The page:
more on the methotrexate shortage (and a short rant)

Methotrexate Teva 100mg_ml 1x50ml -pakning

Methotrexate Teva 100mg_ml 1x50ml -pakning (Photo credit: Haukeland universitetssjukehus)

I stumbled across this article from the Grey Lady via Rheumatoid Arthritis Guy on the critical need for more methotrexate. The article says, in part:

“This is dire,” said Valerie Jensen, associate director of the Food and Drug Administration’s drug shortages program. “Supplies are just not meeting demand.”

The drug is methotrexate, and the cancer it treats is known as acute lymphoblastic leukemia, or A.L.L., which most often strikes children ages 2 to 5. It is an unusually virulent cancer of white blood cells that are overproduced in bone marrow and invade other parts of the body.

The cancer commonly spreads to the lining of the spine and brain, and oncologists prevent this by injecting large quantities of preservative-free methotrexate directly into the spinal fluid. The preservative can cause paralysis when injected into the spinal column, so cannot be used for this disease. Methotrexate is also used to treat rheumatoid arthritis.

Ben Venue Laboratories was one of the nation’s largest suppliers of injectable preservative-free methotrexate, but the company voluntarily suspended operations at its plant in Bedford, Ohio, in November because of “significant manufacturing and quality concerns,” the company announced.

Since then, supplies of methotrexate have gradually dwindled to the point where oncologists now say they are fearful that shortfalls may occur at many hospitals within two weeks.

I’m not really sure what’s going on with the manufacturing of MTX. According to the FDA, several companies that make the injection form of the drug simply decided to stop making vials of certain sizes. I don’t know why and haven’t been to be able to find much information about it. I’m generally not a conspiracy theorist and tend to (want to) believe people will do the right thing, but there doesn’t seem to be much reason for creating a shortage of a drug that treats childhood cancer—and several autoimmune diseases.

Which brings me to my short rant. Just a post script for the N.Y. Times: Many of us are on methotrexate, and we don’t all have rheumatoid arthritis. We have lupus and psoriatic arthritis and ankylosing spondylitis and so many other diseases. Maybe a better way to note that MTX doesn’t only treat cancer is to say that people with certain kinds of autoimmune conditions—like R.A.—also take the drug. Just saying.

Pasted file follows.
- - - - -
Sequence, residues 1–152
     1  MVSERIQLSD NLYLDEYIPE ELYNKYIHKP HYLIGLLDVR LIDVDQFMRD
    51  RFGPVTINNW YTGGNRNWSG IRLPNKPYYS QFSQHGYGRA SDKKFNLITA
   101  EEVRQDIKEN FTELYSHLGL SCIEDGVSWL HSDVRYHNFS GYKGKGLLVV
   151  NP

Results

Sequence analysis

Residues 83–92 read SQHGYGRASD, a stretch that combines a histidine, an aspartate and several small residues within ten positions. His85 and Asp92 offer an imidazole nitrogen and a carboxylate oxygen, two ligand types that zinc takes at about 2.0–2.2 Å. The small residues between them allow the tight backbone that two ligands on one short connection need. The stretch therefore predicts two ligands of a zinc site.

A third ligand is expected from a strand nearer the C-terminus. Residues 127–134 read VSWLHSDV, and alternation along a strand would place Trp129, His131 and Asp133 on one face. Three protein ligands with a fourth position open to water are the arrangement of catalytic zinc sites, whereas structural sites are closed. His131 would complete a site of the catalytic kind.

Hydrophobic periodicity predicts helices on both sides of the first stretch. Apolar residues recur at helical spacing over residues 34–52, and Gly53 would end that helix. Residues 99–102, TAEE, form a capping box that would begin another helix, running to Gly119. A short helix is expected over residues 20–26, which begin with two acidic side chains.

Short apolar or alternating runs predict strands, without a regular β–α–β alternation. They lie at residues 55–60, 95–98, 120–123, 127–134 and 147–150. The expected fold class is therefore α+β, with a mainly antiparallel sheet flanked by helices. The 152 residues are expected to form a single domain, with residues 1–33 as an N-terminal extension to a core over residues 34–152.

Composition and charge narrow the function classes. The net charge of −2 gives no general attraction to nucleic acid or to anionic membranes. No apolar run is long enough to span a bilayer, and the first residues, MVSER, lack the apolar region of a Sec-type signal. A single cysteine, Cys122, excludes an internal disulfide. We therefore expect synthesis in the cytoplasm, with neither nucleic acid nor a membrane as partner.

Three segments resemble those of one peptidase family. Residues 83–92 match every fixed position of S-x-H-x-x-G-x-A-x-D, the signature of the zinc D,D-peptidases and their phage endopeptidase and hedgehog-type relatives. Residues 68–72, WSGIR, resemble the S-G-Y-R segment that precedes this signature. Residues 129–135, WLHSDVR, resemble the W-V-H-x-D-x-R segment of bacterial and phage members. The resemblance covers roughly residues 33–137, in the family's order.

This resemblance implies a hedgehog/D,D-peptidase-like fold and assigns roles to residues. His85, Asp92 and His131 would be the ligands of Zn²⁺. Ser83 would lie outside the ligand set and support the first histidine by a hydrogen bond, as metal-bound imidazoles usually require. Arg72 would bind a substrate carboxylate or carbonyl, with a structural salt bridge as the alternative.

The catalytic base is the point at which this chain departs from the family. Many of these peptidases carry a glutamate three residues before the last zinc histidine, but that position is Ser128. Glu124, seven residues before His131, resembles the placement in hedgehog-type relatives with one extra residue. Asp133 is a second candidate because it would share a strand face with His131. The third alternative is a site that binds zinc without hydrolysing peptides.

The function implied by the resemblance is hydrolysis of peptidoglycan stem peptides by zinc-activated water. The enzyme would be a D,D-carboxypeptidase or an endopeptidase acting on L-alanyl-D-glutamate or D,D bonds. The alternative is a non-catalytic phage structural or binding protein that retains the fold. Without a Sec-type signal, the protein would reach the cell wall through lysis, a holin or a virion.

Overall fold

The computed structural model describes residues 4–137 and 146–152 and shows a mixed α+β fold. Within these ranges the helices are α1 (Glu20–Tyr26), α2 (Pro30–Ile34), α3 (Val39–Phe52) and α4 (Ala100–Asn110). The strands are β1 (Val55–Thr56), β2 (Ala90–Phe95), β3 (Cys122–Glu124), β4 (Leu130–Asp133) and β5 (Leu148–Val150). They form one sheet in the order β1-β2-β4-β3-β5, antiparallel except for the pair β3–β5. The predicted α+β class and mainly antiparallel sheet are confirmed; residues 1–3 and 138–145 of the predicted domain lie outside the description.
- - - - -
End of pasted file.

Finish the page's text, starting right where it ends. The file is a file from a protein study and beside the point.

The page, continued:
staring out into the future

One of the things I love about my favourite health bloggers—like Kerri—is how much they always have going on. One day, I would love to be able to make health activism my job, but I’m not there yet (and I’m not so sure I want to leave journalism. But that’s another story.) I’m a huge fan, too, of how much she does for her community, and I think she’s a great model of what health activism can look like.

I think the future of health activism is just more: more patient advocates sharing their own experiences. I think we’d all do the most good if we banded together instead of just focusing on our own diseases. My psoriatic arthritis isn’t so different from Wren‘s or Jillbean‘s rheumatoid arthritis. We’re helped by many of the same drugs and have many of the same demands.We’re hit with many of the same problems. Plus, added all together, those with different autoimmune diseases number many millions strong; imagine if we spoke with one voice. We’d be unstoppable!

So, I hope the future of health activism is more inclusive, more welcoming to different groups—and to people with symptoms but no diagnoses; I hope we one day realise a rising tide lifts us all to higher ground.

 

(Edited to add: See this? This is exactly why Kerri’s so awesome.)

This post was written as part of NHBPM – 30 health posts in 30 days: http://bit.ly/vU0g9J

start fresh

Where has September gone? I feel like just yesterday it was the end of July.

Anyway, this lovely meme has been making the rounds for Invisible Illness Week. I’ve done it since 2009, but it’s always fun to see what’s changed.

1. The illness I live with is: psoriasis and psoriatic arthritis.
2. I was diagnosed with it in the year:  psoriasis in the late 1990s and PsA in 2005.
3. But I had symptoms since: Psoriasis was a quick diagnosed, but I was diagnosed with PsA in 2006, then changed and now I’m back to PsA again.
4. The biggest adjustment I’ve had to make is: changing my footwear options. Seriously, people: How hard is it to make cute, comfortable heels?
5. Most people assume: that only old people get arthritis. Ugh.
6. The hardest part about mornings are: stopping myself from hitting the snooze button. Again.
7. My favorite medical TV show is: Scrubs
8. A gadget I couldn’t live without is: my iPhone. Seriously, how did I get along without that thing?
9. The hardest part about nights are: when I’ve overdone it and everything hurts.
10. Each day I take 10 pills and two weekly injections.